Philippine leader quits from Senate race in latest flip-flop

MANILA, Philippines (AP) — Philippine President Rodrigo Duterte on Tuesday withdrew his senatorial candidacy in next year’s elections in his latest change of mind over what he plans to do after his turbulent term ends, when critics say he would likely face an array of lawsuits for an anti-drugs crackdown that has left thousands of mostly petty suspects killed.

Accompanied by his executive secretary and security escorts, the 76-year-old Duterte went to the Commission on Elections in Manila and withdrew as a senatorial candidate. His former aide, Sen. Bong Go, separately appeared at the elections commission earlier Tuesday to withdraw his presidential candidacy, which he said his family opposed.

Duterte did not give any reason for the move but his spokesman, Karlo Nograles, said it would allow the president to better focus on managing the pandemic in the country and ensuring that the May elections would be peaceful and orderly.

Known for his extra tough approach to criminality, Duterte launched a police-enforced campaign against illegal drugs when he took office in June 2016. The crackdown has left more than 6,000 mostly petty suspects dead based on police figures.

Manila-based analyst Richard Heydarian, however, said Duterte’s latest move showed how the president, who faces potential criminal suits after his presidency for his deadly anti-drugs campaign, seemed to have lost his political footing after his plan to ensure a friendly succession next year caved in.

“Duterte is really scrambling for any kind of leverage in next year’s elections,” Heydarian said. “His initial plan to engineer a succession for one of his anointed successors is now totally out of the window.”

Duterte initially wanted his daughter, Mayor Sara Duterte of southern Davao city, to succeed him but she refused to run for the presidency amid unspecified differences with her father. She later decided on her own to run as the vice-presidential running mate of Ferdinand Marcos Jr., the son of the late Philippine dictator.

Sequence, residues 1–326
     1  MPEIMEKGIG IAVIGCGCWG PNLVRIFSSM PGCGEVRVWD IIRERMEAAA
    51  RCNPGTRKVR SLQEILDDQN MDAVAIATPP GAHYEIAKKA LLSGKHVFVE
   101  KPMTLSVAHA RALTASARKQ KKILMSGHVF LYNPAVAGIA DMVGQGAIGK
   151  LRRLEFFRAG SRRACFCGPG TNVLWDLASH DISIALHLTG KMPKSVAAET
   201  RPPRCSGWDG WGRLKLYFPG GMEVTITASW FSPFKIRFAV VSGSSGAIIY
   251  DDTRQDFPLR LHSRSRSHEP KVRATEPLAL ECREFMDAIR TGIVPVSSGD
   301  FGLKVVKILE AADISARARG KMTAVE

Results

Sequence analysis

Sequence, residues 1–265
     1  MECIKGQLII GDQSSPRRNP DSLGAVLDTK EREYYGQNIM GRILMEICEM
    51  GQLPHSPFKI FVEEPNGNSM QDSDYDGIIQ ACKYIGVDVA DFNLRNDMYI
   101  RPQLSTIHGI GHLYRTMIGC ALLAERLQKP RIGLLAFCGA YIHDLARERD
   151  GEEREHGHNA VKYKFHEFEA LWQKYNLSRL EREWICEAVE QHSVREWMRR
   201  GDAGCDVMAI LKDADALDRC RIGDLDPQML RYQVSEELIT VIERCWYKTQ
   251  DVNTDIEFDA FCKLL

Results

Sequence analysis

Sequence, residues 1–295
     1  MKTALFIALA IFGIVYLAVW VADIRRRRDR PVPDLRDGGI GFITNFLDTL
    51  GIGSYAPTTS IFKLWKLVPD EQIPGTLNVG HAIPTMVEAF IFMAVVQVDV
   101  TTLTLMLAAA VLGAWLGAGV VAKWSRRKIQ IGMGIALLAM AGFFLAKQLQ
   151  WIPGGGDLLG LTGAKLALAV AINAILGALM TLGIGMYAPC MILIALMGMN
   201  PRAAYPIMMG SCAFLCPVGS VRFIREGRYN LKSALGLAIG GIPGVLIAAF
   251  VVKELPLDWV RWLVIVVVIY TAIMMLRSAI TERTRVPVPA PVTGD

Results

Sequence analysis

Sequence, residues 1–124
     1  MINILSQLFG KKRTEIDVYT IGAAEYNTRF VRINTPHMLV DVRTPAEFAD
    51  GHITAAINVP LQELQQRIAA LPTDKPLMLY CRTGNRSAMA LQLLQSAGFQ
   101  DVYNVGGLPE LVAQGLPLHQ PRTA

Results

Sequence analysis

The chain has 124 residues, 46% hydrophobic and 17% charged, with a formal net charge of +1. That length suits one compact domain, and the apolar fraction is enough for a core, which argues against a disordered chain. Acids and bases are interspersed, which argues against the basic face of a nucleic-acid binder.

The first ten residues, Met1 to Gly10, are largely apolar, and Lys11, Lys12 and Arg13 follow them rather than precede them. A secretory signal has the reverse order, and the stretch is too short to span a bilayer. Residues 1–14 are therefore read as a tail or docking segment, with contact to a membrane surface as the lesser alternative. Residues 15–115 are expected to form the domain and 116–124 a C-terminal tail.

The president later encouraged Go, his former longtime aide who is now a senator, to run for president. But Go eventually backed out, saying he did not aspire to be president and that his family opposed his presidential candidacy.

Duterte originally considered running for the vice presidency but later dropped the plan, saying he planned to retire when his term ends and added that surveys showed most Filipinos did not support such a move.

Philippine presidents are constitutionally limited to a single, six-year term and Duterte’s initial plan to seek the vice presidency sparked a debate about the legality of such a move, which could have seen him catapulted back to the top position if the next president dies or becomes incapacitated for any reason.

Duterte then filed his candidacy for a Senate seat last month, walking back on his earlier vow to retire from politics after his presidential term ends. Human rights groups said last month that Duterte was somehow bracing to evade accountability for rights abuses while in power by planning to remain in public office.

Deaths linked to Duterte’s anti-drugs campaign has sparked alarm in Washginton, and led to an International Criminal Court investigation. The ICC probe has been temporarily suspended at the request of the Duterte administration.

At least five key candidates are running to succeed Duterte, including Vice President Leni Robredo, who leads the opposition, and Ferdinand Marcos Jr., the son of the late dictator, who was toppled in a 1986 “people power” pro-democracy uprising. Robredo narrowly defeated Marcos Jr. in the 2016 vice presidential race in an outcome that he unsuccessfully challenged.

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